Q: Overheating to 3/4

asked by on

My car overheats to 3/4 of the way, stays for about 3-5 seconds then drops back to normal. There are days that it does this and other days it does not. What could it be? Would there be air in the system? I looked this up online and some say it could be the head gasket but my oil is not Milky, exhaust does not blow out white. I checked under the hood and the coolant reservoir seems like it overfillls and spills out if the cap. When I remove the radiator cap it seems like there is no pressure, it doesn't make any sound when I open it (I check it when the engine is cold).

My car has 238401 miles.
My car has a manual transmission.

Overheating can be caused by a number of things such as low coolant levels, a faulty thermostat, a clogged radiator or a failing coolant fan switch. As you may know the coolant fan switch helps to maintain the proper coolant temperature by turning on and off at specific temperature thresholds. When this switch is not working properly, this can cause the fans to come on intermittently, all the time or sometimes not at all. When this happens you will notice a temperature spike and drop occasionally as the fan comes on and off. When your thermostat is not working properly or is stuck closed, this will not allow the coolant to properly circulate through the engine, which may cause the engine temperature to fluctuate erratically or in some cases just remain hot. You may also have a water pump that is beginning to fail. Water pumps often times will begin to produce a bit of a whining sound when they are starting to fail. A common problem also associated with this is the water pump may begin to leak around the water pump shaft due to the seal being damaged. In addition to leaking around the pump, you may have a leak elsewhere in the cooling system coming from one of the hoses going to or from the radiator. Lastly, you may have a failing cylinder head gasket allowing coolant to leak from the water passages into the cylinders resulting in the coolant being burnt in the combustion chamber with the fuel. If this is the case, you may also notice a bit of white smoke coming from your exhaust which is a product of the coolant being turned into a steam like vapor. I would suggest having an expert from Your Mechanic come to your home to diagnose your cooling system.

Was this answer helpful?
The statements expressed above are only for informational purposes and should be independently verified. Please see our terms of service for more details
  1. Home
  2. Questions
  3. Overheating to 3/4

Get an instant quote for your car

Our certified mechanics come to you ・Backed by 12-month, 12,000-mile guarantee・Fair and transparent pricing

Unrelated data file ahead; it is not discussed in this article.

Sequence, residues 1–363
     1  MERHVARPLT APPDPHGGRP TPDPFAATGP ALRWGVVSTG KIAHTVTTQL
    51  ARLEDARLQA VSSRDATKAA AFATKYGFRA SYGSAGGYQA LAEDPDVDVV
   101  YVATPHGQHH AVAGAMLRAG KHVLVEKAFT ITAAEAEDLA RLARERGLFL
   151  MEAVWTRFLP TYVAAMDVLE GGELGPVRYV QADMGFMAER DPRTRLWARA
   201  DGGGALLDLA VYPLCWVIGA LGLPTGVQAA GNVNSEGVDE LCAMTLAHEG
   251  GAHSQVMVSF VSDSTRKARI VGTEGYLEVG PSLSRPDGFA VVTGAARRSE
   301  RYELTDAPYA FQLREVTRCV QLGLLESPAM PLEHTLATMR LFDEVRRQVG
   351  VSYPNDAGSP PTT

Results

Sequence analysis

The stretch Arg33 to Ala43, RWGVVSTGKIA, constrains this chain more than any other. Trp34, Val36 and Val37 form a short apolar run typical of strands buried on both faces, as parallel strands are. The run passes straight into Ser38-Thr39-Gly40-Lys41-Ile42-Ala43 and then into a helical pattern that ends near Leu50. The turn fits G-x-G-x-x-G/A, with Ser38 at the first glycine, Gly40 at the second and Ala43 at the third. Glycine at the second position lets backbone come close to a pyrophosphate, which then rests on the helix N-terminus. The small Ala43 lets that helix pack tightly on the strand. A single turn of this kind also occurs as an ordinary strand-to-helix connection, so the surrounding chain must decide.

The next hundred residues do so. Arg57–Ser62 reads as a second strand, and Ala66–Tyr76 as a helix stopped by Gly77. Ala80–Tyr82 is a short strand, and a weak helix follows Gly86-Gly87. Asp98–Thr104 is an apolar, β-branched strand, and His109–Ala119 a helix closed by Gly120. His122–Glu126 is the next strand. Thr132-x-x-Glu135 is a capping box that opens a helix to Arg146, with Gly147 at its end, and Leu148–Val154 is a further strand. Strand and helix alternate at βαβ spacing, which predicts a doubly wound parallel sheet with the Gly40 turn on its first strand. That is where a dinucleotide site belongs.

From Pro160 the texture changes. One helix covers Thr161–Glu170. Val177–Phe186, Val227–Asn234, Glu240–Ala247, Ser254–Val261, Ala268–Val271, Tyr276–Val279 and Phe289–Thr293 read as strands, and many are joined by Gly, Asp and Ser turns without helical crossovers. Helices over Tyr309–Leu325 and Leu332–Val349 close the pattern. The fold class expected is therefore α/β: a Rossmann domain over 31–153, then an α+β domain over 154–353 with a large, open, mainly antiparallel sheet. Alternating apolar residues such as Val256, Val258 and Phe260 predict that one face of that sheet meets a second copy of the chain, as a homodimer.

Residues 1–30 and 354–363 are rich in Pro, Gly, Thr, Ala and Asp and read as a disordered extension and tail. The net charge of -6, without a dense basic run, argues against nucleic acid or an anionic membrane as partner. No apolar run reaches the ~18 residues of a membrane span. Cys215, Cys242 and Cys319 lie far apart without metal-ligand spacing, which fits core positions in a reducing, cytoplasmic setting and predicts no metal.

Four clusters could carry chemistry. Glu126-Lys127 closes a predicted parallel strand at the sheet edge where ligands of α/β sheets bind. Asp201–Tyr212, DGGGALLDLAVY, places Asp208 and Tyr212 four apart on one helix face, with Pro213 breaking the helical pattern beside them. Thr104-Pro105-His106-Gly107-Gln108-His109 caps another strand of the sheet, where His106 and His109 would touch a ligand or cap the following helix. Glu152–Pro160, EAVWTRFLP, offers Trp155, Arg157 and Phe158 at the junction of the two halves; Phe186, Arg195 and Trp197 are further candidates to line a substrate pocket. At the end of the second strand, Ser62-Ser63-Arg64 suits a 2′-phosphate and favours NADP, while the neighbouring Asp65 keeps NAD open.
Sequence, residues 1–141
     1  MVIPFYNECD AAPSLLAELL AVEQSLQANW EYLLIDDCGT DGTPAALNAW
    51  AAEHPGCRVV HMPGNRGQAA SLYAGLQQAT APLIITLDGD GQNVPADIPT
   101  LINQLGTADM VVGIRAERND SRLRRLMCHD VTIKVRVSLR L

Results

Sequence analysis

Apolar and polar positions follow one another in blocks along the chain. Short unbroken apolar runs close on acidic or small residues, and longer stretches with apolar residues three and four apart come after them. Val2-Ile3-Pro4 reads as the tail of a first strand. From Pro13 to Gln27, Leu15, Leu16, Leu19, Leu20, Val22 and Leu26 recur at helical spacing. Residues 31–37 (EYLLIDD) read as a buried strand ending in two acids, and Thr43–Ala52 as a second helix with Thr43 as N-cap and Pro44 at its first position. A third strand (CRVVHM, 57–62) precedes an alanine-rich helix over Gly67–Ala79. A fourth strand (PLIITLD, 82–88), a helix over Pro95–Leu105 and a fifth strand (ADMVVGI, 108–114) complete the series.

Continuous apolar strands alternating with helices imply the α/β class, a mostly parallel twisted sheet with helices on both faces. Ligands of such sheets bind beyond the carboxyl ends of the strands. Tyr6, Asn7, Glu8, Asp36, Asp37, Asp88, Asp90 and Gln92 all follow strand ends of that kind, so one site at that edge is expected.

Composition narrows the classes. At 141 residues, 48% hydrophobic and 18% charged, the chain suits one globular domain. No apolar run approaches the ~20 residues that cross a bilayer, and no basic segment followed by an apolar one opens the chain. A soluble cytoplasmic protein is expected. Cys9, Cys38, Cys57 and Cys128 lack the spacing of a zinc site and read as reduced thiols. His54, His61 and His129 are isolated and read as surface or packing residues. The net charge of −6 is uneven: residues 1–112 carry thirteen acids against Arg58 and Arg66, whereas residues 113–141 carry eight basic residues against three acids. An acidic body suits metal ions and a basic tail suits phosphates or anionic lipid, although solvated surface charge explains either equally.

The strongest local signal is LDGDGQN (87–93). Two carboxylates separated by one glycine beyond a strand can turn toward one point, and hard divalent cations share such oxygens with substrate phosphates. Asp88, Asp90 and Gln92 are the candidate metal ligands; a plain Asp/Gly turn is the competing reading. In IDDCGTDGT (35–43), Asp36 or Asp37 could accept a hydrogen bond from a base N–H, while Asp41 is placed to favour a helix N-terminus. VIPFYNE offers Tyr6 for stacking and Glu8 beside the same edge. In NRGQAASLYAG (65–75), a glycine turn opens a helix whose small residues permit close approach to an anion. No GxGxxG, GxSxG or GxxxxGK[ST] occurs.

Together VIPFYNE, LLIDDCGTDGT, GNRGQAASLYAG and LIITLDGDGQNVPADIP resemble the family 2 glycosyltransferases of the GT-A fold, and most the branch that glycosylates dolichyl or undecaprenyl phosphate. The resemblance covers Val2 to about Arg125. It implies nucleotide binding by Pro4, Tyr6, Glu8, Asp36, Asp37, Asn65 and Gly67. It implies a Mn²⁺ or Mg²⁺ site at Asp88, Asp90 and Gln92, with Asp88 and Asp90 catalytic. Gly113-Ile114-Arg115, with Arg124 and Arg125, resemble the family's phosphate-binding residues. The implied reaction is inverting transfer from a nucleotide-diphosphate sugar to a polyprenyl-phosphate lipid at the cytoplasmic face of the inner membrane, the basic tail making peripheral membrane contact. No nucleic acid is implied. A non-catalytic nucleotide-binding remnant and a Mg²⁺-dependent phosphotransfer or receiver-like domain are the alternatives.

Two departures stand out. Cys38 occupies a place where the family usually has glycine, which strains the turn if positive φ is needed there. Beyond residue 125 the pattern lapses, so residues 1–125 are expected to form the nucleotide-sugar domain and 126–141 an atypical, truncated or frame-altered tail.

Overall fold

Get a quote

What others are asking

Q: The exhaust system is loud when started, sound is more concentrated towards front of car. What could be the problem?

Loud exhaust noise could be due to deterioration or breakage of the internal baffles in components such as the resonator and muffler as well as leaks at pipe joints or even at the manifold on the engine. To determine the...

Q: The engine light is on and the code is P0420 - Catalyst System Efficiency Below Threshold Bank . What part do I need to fix it?

While a number of things like a faulty oxygen sensor or exhaust leak can cause fault code P0420 to be set, the most common fault is the catalytic converter itself. However, as a replacement can be very expensive, your best...

Q: What does it mean if the Brake System indicator comes on in the dash?

The Brake light on the dash of your car is designed to come on as a warning and as a reminder in different situations. Here’s what you need to know: The light will turn on if the parking brake...

Related articles

What Causes Hoses to Leak?
While the largest part of your engine is mechanical, hydraulics plays a significant role. You’ll find fluids at work in a number of different areas. Your car's fluids include: Engine oil Transmission...
P2428 OBD-II Trouble Code: Exhaust Gas Temperature Too High Bank 1
P2428 code definition A P2428 trouble code signifies that the PCM has detected a problem in the exhaust gas temperature sensor circuit in bank 1, which subsequently contains the number one...
P2103 OBD-II Trouble Code: Throttle Actuator Control Motor Circuit High
P2103 means there is a fault with the throttle actuator control motor circuit, likely due to a defective electrical component or part.